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Batman: Arkham City
Batman: Arkham City Review - The Parent's...
Batman: Arkham City
Warner Bros. Interactive Entertainment
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Batman: Arkham City Review - The Parent's Guide to Video Games
The Game Store Guy
on October 26, 2011 at 12:37 AM
Batman: Arkham City Review
Moderate (4.5 / 10)
Very High (9.5 / 10)
Genre: Open World Action/Adventure
This game takes place where choice is everything. Rather than providing a set story that a player
to follow, they are provided a world that they can explore and do as they wish with a focus similar to an action movie. Likewise, as players adventure through this title they will find alternate means of completing their tasks including battles, negotiation, and puzzle solving.
Internet Requirements: Low
Batman: Arkham City features a low amount of internet requirements. While this game does not feature any kind of online multiplayer function where players may interact with each other, it does feature a "leaderboard" system that allows gamers to compare their high-scores in a variety of game-modes. Likewise, Arkham City will be offering "downloadable content" via the internet later on so that players might purchase additional game content to play and enjoy; some of the more notable content will allow individuals to play as the superhero "Nightwing".
In Batman: Arkham City, you take the role of the iconic Caped Crusader as he unwittingly finds himself locked into one of the most terrifying "high security penitentiaries" known to man. Arkham City, the brain-child of Prof. Strange, is the answer to Gotham City's needs when the Arkham Mental Asylum is damaged in "Arkham Asylum", this games predecessor. Now, every manner of crook, criminal, villain, and deranged maniac is locked into a walled off section of Gotham City that has been given over entirely to the criminally mad. Major villains like the Joker, Two Face, Mr. Freeze, and the Penguin are all marking their territory, claiming sections of Arkham City for their own, and declaring war on anyone and anything in their vicinity. With this and Prof. Strange counting down to the launch of the mysterious "Protocol Ten", will Batman be able to restore order to Arkham City and find his way out alive?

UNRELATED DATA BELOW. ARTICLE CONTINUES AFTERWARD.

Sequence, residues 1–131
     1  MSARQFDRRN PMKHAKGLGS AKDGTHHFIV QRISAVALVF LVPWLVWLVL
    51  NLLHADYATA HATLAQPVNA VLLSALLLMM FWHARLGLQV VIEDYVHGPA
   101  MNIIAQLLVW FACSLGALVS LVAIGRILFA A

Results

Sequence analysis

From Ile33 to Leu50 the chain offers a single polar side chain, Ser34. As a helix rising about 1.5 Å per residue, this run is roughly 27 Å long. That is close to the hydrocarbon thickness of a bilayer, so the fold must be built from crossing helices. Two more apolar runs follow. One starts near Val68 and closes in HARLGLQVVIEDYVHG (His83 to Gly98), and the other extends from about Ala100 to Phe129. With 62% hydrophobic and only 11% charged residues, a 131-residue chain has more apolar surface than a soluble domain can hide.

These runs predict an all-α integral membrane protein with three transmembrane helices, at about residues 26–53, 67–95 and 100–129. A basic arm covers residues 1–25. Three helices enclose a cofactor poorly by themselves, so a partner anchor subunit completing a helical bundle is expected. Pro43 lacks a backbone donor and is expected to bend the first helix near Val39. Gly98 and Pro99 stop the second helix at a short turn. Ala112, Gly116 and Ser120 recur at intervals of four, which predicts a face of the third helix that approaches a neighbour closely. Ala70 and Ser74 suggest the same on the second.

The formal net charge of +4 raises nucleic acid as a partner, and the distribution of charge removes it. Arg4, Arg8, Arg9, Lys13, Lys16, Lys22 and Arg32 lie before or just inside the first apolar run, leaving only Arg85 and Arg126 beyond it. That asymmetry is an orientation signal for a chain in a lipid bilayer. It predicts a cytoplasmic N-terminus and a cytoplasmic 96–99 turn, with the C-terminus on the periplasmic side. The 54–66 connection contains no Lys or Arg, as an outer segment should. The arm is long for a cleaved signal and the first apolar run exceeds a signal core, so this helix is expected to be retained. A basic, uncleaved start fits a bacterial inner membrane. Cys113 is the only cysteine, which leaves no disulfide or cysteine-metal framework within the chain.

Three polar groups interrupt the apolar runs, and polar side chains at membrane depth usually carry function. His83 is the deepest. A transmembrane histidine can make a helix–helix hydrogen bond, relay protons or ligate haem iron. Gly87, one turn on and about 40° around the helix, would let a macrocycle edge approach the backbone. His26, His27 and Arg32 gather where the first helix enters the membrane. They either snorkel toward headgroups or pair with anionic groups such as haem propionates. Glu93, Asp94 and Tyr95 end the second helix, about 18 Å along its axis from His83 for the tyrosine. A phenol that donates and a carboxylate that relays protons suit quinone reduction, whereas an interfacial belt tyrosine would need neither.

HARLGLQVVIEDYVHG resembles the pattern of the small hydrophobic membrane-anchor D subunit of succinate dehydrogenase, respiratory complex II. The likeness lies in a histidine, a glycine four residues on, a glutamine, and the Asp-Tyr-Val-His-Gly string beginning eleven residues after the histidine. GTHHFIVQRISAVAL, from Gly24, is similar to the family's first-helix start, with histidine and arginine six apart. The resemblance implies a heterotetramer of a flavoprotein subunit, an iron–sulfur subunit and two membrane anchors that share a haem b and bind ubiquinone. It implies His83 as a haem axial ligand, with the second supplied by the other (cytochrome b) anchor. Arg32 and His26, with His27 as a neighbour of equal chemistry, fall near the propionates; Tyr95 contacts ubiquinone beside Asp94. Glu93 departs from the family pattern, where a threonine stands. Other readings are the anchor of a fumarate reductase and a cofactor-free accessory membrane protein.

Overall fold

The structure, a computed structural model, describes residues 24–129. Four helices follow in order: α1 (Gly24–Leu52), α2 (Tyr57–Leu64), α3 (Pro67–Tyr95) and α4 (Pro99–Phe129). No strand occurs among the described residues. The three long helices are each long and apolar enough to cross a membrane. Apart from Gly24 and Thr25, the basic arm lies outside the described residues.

Moderate (4.5 / 10)
Batman: Arkham City contains a high amount of foul language in the form of the following words: "d*mn", "h*ll", "s*it", "b*tch", "a*s", and "b*stard". These words are used pretty regularly throughout gameplay during both combative sequences and dialogue between characters. The most commonly heard words are "b*tch" and "a*s". These profanities are most commonly expressed by enemy characters including both thugs as well as major villains. Foul language is used regularly without regard to extreme emotion such as frustration or anger.
Violence and Gore:
Batman: Arkham City features a relatively high amount of violence and minimal blood and gore. To start off, as the Batman, players will be fighting a wide array of different thugs and villains. Players will be using a variety of hand-to-hand martial arts techniques as well as specialized technology and gadgetry in order to knock out and/or disable enemies. Players will not be able to kill enemies and the game will, in fact, discourage killing others as a means to an end. Players are unable to harm innocent civilians; i.e. individuals that have no interest in causing harm to either you or others.
During combat scenes, players will see a fair amount of violence however little to no blood or gore. Batman will primarily use martial arts in order to dispatch his enemies; utilizing a number of different punches, kicks, and grapples to injury or knock out his opponent. Players will occasionally hear bones cracks when certain moves are used, however most often "booms" and "thuds" will overlap it so as to ease the visceral tension. Players can also use a number of gadgets such as "batarangs" and "freeze grenades". These gadgets will often simply knock enemies over, send them flying, leave them hanging upside down, or freeze them in place. Lethal weaponry is not used by the character. On the contrary, enemies will often be armed with stun-rods, knifes, and firearms, although blood and gore is not shown if Batman is shot or injured by these weapons. Players will never kill their enemies, only disable and knock out.